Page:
Assuming that we pay in our own currency and manage inflation efficiently, what is to stop us from offering all pupils/students another year+ of free education?

  • For all her hard work as Education Minister, it’s unfortunate that the party hasn’t seen any tangible benefit. We almost certainly won’t make any gains in May and with Kirsty stepping down, we could even be wiped out in Wales.

  • Peter Chambers 7th Feb '21 - 12:03pm

    Senior politicians seem very keen that teachers have little say in education policy. Is it that they fear teachers may interfere with the indoctrination of the young?

    Mr Blair “had the scars” of battle in education, mention of Mr Gove produces hisses at Parent Teacher Association meetings, Socrates was sentenced to death for corruption of youth. How do we get government to listen to what works, rather than tinker?

  • David Evans 7th Feb '21 - 12:58pm

    Alexander, The first thing stopping us giving an extra year’s education to those who have lost out, which I agree is absolutely vital and indeed I would argue should be our duty, is where do you find about 8% more teachers, 8% more classrooms, 8% more science labs, 8% more playing fields or an agreement from teachers to teach longer or at different times (say less summer holidays). Also perhaps you need significantly more than 8%, because there is lots of data showing that that children (especially those from disadvantaged backgrounds) regress significantly even over the six week holiday period. Even spread over a number of years, this is a massive exercise.

    All these things can be overcome with a willingness to accept new ideas and significant planning to make it all work. For example one might suggest that teachers would need to consider just how hard front line health workers have had to work over the pandemic, to get some traction that teachers and in fact *every one of us* will actually have to work harder and longer than we have been used to, if we are serious about recovery, and that might have to impact on things even Lib Dems hold dear, like longer maternity leave.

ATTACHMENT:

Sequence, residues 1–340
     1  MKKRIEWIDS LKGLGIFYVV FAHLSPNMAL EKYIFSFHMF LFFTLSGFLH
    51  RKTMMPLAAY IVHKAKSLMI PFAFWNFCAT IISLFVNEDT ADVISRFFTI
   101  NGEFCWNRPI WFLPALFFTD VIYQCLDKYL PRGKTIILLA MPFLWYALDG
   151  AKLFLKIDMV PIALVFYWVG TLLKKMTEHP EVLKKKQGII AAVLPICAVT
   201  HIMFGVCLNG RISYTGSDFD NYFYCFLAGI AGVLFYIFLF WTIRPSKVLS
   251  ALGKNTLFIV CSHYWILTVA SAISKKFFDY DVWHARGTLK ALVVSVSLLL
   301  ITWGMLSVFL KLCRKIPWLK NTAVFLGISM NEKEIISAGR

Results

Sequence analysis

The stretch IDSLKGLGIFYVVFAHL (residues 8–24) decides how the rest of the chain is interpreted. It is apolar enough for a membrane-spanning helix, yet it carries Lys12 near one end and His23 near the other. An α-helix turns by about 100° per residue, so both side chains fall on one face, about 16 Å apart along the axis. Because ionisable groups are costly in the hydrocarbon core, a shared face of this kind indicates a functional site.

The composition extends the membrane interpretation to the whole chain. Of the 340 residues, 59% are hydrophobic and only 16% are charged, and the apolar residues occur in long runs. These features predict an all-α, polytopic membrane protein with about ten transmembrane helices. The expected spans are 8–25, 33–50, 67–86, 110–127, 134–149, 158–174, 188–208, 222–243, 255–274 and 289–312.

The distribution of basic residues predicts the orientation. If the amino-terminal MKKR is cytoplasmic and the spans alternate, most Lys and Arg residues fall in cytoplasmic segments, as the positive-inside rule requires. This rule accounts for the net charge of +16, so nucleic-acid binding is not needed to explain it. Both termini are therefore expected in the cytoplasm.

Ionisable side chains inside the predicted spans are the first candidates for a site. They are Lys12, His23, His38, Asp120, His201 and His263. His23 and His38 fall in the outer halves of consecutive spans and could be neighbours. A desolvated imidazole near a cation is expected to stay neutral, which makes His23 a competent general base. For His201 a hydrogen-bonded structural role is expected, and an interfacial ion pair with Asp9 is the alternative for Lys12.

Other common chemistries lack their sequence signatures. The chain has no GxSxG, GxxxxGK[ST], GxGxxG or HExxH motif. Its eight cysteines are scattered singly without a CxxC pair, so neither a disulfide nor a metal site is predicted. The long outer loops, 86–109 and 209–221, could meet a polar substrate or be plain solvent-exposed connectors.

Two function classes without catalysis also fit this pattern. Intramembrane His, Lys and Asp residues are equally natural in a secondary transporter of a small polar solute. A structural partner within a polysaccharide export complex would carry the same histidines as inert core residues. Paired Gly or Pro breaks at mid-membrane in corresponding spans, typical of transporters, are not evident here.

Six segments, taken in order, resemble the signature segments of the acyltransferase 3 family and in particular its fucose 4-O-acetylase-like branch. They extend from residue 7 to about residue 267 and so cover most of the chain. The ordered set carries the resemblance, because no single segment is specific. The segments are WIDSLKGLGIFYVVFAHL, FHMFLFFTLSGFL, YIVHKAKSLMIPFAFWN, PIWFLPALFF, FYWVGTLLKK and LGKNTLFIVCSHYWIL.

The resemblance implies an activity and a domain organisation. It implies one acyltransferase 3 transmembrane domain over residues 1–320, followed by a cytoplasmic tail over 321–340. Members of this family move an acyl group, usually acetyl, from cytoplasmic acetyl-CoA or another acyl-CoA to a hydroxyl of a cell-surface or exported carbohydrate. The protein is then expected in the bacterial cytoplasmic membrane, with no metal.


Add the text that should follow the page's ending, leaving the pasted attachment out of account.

The alternative might well be a serious and permanent fall in living standards.

    It’s a tough world out there, and we have to be serious about it. It is clear that the Populist People’s Party under Boris Johnson are nowhere like up for it, nor would the Workers Party under Kier Starmer dare face down the unions. The only question is are we and if so, how do we get to be heard, so we can start to nudge the oil tanker that is public opinion, just a bit more in our direction?

  • @David Evans
    >“The first thing stopping us giving an extra year’s education to those who have lost out, …, is where do you find about 8% more teachers, 8% more classrooms, 8% more science labs, 8% more playing fields”
    A question has to be whether we really need more ‘teachers’ or whether what we actually need are more tutors/assistants ie. better organisation of teaching and support of the learning process.
    The current situation has driven much ‘teaching’ online, so one teacher can reach significantly more pupils. However, these pupils probably need just as much and possibly more tutor support. Which raises the question as to whether tutors need to be fully qualified teachers and thus could be people who have just undergone a shorter tutoring course. What is clear teaching and schools need to become much more professional and organised in the way they teach and support teaching; which implies investment…

    The additional classrooms could potentially come from previously closed schools(!), vacated offices (home working, downsized economy etc.).
    The playing fields, well we need to think differently. Even when I went to school, the schools didn’t use the pitches in the local parks, preferring to use their own playing fields.
    The science labs and other specialist classrooms are probably the biggest challenges. Perhaps this might mean that lower school years miss out on some hands-on practical so that GCSE and A-level students don’t.
    Naturally, there would be a ripple on into higher education but suspect some of the necessary slack will come from a reduction in overseas student numbers.

    >Also perhaps you need significantly more than 8%, because there is lots of data showing that children (especially those from disadvantaged backgrounds) regress significantly even over the six week holiday period.
    There is (at least one) state school that uses 5 x 8 week term with a 2 week holiday between each term and a 4 week summer holiday, which they have found gives a reasonable balance(*) and gives 25% more classroom time than the traditional system.

    Finally, there is one big challenge and that is giving children more unstructured social interaction time. One of the things I’ve found children miss is the time simply spent hanging around together.